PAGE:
Saturday, January 30, 2010

Brackley Town 2 Didcot Town 2

The crowd are pouring out of Villa Park. The Groundhopper is gutted not to have seen a goal. I’m getting hammered with texts from White Van Man: “£43 for a 0-0 son.” I’ve proper got the face on; the game needed a goal.

A guy’s got a radio on. There’s late drama at Old Trafford. Rooney’s come up trumps again in ‘Fergie time.’ I really wanted to watch that game. I don’t do nil nils. It’s the only thing in life that really cheeses me off, well apart from Wild At Heart.

I walk past a poster advertising Sleeping Beauty at the Birmingham Hippodrome, starring Joe Pasquale and X-Factor runner-up Ray Quinn (who?) Oh well, it could have been worse folks.

It takes an age to exit the Powerleague car park. There are bloody roadworks on the M6. It takes an hour to crawl through them. There’s not a workman in sight.

‘The Guvnor’s’ radio is on the blink. We’re spared that clown ‘Spoony’ on 606. The closet Cockney Scouse fool is still in Dubai on his jollies. Junction 9 on the M42 is closed. What a night this is turning out to be.

A tired old Sticky Palms staggers through the front door close to 1am. I’m never going to Birmingham again.

I spend Friday night touching up the blog and seek solace in a bottle of Bombay Sapphire gin.

It’s Saturday morning. We wake up to a frost-covered lawn. I was keeping the scouting local this morning but I doubt that there will much on.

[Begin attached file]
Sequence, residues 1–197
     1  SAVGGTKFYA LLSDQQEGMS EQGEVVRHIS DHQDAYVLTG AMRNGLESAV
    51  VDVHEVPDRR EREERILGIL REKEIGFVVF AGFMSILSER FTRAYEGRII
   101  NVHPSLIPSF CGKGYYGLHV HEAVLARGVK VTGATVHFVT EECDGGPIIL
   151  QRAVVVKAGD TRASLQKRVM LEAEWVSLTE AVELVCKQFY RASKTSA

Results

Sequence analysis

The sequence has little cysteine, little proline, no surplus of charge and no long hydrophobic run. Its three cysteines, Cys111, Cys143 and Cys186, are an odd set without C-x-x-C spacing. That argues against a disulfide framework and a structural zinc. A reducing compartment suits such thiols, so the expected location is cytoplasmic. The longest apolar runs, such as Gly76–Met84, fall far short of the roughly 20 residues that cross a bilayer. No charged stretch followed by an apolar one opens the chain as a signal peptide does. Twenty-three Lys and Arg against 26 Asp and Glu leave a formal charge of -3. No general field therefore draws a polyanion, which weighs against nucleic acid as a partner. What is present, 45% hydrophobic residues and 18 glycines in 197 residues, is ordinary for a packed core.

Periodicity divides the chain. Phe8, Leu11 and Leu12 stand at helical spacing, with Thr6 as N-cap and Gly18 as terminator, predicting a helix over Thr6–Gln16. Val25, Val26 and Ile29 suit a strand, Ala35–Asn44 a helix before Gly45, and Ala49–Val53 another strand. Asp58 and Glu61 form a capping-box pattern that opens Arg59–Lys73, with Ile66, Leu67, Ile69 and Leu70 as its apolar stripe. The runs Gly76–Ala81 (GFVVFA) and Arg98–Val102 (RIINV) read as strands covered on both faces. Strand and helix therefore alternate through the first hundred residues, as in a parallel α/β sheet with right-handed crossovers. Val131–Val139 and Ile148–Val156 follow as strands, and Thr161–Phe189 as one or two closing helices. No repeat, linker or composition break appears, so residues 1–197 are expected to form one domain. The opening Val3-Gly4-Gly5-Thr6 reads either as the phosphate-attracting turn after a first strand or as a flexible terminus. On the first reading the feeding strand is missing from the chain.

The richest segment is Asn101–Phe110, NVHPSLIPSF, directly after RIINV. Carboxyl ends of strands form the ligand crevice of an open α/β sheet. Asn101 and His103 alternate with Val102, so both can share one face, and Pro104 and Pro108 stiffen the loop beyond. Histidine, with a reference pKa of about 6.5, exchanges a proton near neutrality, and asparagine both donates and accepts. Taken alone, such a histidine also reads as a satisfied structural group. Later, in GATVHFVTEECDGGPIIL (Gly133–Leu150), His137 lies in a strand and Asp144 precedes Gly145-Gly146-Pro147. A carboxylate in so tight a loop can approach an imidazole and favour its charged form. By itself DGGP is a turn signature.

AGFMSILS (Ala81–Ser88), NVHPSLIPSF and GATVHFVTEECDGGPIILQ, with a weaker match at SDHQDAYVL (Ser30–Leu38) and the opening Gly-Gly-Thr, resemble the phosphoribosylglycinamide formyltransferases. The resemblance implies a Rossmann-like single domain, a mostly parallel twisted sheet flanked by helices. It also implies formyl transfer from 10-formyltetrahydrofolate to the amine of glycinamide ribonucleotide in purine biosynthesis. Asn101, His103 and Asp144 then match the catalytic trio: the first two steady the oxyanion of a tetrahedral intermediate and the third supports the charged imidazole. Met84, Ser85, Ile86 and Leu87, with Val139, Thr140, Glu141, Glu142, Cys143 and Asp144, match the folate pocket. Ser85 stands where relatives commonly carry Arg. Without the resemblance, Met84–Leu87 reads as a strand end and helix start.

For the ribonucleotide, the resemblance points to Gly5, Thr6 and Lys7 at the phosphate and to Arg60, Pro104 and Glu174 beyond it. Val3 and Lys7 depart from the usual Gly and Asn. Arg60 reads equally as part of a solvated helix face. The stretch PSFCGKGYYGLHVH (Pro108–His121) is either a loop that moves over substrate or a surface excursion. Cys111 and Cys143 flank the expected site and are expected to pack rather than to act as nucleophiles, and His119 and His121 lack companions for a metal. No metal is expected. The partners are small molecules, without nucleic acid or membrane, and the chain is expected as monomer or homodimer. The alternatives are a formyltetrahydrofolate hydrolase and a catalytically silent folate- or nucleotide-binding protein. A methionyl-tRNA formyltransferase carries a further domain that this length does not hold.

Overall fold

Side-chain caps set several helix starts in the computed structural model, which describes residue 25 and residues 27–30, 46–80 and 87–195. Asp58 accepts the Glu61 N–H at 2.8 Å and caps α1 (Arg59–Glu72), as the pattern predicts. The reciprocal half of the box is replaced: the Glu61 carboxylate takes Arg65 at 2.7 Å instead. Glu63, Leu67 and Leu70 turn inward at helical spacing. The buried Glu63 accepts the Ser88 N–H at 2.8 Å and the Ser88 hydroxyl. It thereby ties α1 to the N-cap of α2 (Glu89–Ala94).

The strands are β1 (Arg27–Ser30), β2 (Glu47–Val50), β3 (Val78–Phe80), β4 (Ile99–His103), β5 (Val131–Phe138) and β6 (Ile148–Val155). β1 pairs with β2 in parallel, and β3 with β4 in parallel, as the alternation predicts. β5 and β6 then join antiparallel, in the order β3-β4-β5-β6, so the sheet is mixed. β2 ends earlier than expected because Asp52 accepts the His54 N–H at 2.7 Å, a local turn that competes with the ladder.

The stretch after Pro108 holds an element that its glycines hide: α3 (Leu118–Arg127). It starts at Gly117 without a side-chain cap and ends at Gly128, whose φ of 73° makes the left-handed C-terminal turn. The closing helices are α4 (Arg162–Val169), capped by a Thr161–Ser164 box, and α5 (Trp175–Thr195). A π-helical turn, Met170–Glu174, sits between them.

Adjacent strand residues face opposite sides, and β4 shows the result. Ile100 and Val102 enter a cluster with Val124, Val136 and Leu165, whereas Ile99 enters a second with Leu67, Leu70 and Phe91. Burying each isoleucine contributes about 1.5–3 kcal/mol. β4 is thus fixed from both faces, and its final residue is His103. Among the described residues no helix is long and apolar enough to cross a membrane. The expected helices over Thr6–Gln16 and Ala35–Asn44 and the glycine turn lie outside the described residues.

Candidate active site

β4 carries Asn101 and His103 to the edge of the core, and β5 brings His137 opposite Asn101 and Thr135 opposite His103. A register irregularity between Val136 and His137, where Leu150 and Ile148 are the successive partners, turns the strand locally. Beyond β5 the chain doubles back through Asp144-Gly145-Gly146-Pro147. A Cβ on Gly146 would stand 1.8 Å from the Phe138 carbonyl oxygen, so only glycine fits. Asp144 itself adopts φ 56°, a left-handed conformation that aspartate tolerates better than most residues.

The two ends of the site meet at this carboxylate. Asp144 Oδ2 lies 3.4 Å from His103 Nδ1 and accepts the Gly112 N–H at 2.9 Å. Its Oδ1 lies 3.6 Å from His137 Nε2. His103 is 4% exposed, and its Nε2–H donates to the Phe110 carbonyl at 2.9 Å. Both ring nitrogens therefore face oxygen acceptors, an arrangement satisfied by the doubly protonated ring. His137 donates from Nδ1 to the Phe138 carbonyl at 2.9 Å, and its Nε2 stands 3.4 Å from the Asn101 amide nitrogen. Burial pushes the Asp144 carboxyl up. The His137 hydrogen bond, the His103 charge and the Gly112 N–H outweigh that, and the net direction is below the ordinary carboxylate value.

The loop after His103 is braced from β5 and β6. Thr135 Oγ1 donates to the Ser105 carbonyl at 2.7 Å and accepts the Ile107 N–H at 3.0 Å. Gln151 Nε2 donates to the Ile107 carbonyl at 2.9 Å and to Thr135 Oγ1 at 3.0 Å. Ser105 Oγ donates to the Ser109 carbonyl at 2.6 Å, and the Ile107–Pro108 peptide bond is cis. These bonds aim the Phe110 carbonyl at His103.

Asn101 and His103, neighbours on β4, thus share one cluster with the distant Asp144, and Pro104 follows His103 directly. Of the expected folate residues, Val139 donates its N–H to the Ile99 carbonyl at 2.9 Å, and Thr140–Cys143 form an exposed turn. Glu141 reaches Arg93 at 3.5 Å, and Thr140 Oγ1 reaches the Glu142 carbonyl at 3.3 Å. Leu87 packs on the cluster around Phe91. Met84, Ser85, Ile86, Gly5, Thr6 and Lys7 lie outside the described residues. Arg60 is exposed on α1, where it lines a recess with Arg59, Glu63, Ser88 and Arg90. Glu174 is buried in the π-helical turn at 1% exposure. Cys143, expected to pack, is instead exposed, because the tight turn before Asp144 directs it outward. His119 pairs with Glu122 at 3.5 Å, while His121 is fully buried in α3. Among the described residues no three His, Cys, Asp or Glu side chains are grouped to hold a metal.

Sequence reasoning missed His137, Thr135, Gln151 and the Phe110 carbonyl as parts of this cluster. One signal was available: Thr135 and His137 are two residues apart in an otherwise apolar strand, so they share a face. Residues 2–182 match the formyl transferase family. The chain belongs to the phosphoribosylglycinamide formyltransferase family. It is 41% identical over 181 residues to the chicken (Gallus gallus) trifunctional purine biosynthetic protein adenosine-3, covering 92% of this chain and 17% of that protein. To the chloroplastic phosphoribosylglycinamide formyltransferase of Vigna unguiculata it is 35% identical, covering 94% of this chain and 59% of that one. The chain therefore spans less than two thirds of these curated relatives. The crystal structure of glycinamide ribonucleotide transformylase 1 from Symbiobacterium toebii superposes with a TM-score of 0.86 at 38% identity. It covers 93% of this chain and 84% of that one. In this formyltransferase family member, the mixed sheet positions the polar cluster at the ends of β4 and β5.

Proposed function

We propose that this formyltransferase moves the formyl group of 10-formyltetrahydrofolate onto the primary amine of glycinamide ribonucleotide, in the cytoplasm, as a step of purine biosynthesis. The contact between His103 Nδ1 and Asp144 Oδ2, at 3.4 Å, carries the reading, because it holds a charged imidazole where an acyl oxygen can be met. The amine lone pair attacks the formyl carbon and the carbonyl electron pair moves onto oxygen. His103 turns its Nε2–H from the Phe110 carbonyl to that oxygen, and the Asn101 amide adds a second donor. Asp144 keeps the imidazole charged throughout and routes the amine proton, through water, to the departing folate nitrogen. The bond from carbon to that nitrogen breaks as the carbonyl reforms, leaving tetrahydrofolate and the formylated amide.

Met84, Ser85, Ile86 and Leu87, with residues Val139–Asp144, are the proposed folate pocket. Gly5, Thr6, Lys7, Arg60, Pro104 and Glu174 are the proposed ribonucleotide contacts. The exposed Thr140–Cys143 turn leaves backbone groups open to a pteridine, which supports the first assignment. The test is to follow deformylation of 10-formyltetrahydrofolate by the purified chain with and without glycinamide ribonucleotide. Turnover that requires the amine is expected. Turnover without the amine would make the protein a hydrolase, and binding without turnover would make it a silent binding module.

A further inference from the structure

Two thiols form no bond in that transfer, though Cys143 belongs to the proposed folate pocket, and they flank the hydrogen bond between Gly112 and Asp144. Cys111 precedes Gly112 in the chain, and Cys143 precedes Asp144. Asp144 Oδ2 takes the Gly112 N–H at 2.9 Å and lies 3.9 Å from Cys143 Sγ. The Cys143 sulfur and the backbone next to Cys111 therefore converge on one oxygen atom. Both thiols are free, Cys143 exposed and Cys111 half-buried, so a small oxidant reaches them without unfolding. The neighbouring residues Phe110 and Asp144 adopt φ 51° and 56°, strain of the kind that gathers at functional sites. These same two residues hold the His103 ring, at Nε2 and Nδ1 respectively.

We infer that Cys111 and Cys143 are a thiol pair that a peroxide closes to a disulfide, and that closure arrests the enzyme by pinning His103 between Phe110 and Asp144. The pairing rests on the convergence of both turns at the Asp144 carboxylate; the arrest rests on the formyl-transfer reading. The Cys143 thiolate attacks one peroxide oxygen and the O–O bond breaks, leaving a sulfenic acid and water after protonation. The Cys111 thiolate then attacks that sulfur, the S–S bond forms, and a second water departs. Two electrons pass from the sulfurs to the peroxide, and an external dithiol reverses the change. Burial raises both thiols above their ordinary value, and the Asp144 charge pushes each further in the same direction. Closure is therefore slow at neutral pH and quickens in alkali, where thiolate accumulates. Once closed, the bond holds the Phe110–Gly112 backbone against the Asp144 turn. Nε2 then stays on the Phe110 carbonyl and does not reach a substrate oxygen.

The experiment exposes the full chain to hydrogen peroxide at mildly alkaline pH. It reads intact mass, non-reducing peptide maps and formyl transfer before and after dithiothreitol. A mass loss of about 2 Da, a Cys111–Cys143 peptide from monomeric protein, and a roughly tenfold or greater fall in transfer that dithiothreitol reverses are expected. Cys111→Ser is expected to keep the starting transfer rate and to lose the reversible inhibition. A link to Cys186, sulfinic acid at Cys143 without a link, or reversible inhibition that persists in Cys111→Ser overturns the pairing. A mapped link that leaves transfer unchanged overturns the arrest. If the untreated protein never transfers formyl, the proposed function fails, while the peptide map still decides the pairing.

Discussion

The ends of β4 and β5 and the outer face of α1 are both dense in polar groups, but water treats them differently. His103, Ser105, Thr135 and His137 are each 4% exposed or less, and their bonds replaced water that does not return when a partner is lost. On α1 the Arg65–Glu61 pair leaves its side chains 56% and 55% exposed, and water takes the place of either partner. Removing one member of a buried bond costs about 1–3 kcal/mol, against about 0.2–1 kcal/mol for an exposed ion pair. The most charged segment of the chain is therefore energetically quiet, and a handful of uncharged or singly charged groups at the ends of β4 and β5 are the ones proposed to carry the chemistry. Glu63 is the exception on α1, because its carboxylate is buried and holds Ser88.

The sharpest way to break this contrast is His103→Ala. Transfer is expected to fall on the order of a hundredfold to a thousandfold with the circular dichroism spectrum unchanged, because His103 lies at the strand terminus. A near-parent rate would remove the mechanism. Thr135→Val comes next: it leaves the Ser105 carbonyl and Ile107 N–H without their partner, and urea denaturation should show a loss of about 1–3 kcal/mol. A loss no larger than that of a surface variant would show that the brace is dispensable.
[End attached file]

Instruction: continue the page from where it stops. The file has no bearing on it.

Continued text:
I throw a couple of old doors into the back of the ‘Rolls Royce’ and head down to West Bridgford Recycling Centre. I call in at West Park on my way home. I fight my way through the parked-up 4x4s, Mercs and BMWs. I watch three games. There’s nothing doing.

I’m worried about the weather. Snow is dotted around the country. Tomorrow morning I’m meant to be in Sleaford – I think I’ll give it a miss.

I get a text off ‘The Reaper.’ He’s across at Leamington Spa buying a bathroom cabinet off former Nottingham Forest captain, Riccardo Scimeca. He says he’s a ‘lovely bloke.’

I drive home. I give Finley’s crib a spruce up. I have three chews in my hand. He takes the middle one first – it means he’s predicting a score draw in today’s game.

I call up Brackley Town. They’ve had a dusting of snow overnight. They’ve gritted all the hard-standing areas and cleared the pitch of snow. The referee from the Northampton Town v Burton Albion gives the game the green light.